“I'm very worried about it because despite the 90 day bill and the whole notion that employers would give particularly young people a go, it simply has not happened. Now we need employers to step up to the plate. They get enough subsidy, they need to step up to the plate and give there people a go,” Mrs Turia says.

She says Community Max was a good start, but there has not been enough transition from short term work schemes through to permanent jobs.


The chief executive of the Maori language commission, Te Taura Whiri i te Reo Maori, says this year's Huia Te Reo national Maori language conference will be a chance for some long term planning on language revitalisation.

Glenis Philip-Barbara says the hui in October at the Rotorua Energy Events Centre will include the annual awards for initiatives which have raised awareness of te reo, an expo where people can showcase their resources or projects, and a symposium.

“The symposium gives us the opportunity to get together as Maori language activists from around the motu to talk about our strategies and approaches, and the awards are about honouring and acknowledging the huge effort that people made around te wiki o te reo Maori,” Mrs Philip-Barbara says.

The closing date for award entries has been extended to August 20, and there are new categories, including an award for innovative use of information technology and Telecommunications.


Maori Party co-leader Tariana Turia says the party is still concerned about the shape of the revised Foreshore and Seabed Act.

Ngai Tahu chair and Iwi Leaders’ Group spokesperson Mark Solomon has claimed the bar for claiming customary title is being set too high for many iwi to benefit.

Mrs Turia says lawmakers have always found it hard to acknowledge Maori rights.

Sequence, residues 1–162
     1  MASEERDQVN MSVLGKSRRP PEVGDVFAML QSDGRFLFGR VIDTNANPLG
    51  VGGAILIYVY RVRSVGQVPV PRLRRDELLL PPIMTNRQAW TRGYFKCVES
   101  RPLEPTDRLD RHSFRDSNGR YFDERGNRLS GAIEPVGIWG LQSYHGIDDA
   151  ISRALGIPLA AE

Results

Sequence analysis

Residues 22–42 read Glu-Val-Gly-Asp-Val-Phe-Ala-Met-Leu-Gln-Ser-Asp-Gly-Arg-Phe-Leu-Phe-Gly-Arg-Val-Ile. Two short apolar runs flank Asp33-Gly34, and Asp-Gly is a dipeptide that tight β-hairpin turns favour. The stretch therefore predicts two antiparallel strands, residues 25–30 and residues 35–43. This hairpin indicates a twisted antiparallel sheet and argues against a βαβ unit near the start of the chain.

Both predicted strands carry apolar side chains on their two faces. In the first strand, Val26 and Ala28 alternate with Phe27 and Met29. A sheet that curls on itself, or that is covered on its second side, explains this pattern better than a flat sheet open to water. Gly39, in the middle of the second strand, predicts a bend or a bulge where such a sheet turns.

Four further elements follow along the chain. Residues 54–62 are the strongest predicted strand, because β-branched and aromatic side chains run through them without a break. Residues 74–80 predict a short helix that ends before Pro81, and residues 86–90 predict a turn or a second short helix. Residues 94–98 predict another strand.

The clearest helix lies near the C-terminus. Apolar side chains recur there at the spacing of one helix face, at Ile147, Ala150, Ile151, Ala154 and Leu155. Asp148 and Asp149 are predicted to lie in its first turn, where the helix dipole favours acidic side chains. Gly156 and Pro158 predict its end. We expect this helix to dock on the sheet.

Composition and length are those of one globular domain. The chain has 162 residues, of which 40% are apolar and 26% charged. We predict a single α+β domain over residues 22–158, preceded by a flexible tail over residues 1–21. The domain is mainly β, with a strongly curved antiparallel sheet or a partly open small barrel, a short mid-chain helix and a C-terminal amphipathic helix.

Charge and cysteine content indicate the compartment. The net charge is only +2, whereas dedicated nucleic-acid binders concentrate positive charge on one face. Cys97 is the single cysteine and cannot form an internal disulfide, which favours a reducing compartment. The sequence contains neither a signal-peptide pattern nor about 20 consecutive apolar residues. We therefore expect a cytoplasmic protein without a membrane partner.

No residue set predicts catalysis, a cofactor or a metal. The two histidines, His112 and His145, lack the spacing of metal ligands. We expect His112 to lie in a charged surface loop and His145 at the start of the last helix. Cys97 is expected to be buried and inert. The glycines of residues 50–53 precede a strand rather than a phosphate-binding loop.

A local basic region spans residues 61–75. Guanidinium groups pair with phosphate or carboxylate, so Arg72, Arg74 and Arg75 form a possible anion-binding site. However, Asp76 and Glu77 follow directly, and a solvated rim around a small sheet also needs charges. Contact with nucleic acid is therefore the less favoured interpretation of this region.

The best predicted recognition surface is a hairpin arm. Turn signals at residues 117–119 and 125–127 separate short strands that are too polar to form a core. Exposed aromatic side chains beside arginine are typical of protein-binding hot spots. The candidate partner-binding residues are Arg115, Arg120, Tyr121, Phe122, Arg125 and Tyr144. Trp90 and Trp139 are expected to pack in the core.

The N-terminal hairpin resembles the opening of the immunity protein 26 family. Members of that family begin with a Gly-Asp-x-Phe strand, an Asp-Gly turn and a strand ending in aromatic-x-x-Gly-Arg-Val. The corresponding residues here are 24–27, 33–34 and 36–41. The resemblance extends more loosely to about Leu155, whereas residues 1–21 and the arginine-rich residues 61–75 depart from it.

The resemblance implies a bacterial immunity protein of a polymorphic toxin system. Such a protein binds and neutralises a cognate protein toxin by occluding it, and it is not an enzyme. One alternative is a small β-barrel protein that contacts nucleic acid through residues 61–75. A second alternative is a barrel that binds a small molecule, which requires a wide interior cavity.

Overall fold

“We are concerned. We have sent a number of changes back to the minister. We are still in discussions with him. The concern for me is that what we are seeing is that it doesn’t really matter who the government is, when it comes to Maori title and Maori rights, they do appear to be lesser,” she says.


A Ngai te Rangi artist and tatooist says the role of the artist in ta moko has been overlooked.

Ohope-based Julie Paama Pengally has penned an award-winning overview of Maori art and design, and she's now completing doctoral studies at Massey University on traditional tattooing.

She wants to fill in some gaps left by previous publications which focused on designs and supposed tribal markers.

“It's kind of looking at the role of the artist through history and past studies of moko practice haven’t taken into account the role the artist plays and individual artistic ability and exploration,” Ms Pengally says.


The Maori Party's Waikato Hauraki candidate says Nanaia Mahuta's days as the electorate MP are numbered.

Tauhuia Bruce Mataki from Ngati Kauwhata and Ngati Kahungunu won the nomination ahead of Hemi Rau and Pia Searanke, after a series of hui around the electorate.

The former career soldier says many traditional Labour Party supporters have thrown their weight behind his party, and he'll be telling voters they have the chance for a double play.

“My platform would be that there’s the possibility of having two Maori for the price of one going against the candidate vote and I don’t even think she needs the party vote because she’s so high up the list for Labour, so you could have two Maori in one electorate which would be a big plus,” Mr Mataki says.

Monday, August 09, 2010

Mataki confirmed as Maori Party candidate

The Maori Party's new Waikato Hauraki candidate says he will need to reach right into the flax roots to unseat Labour's Nanaia Mahuta.

Retired soldier Tauhuia Bruce Mataki from Ngati Kauwhata and Ngati Kahungunu beat former Waikato-Tainui chief executive Hemi Rau and Housing New Zealand manager Pia Searanke for the right to contest next year's general election.

The 55-year-old says having worked on Angeline Greensill's last two campaigns and the subsequent post-mortem, he knows the importance of getting the message out to ordinary Maori.

“One of the biggest problems we had in our review was communications from the minister’s office down to the lower socioeconomc. We need to really do some work in there because that’s where the heartbeat is, that’s there the pain is and that’s where we’ve got to be communicating better so they get the confidence they need to have in us to represent them in government,” Mr Bruce Mataki says.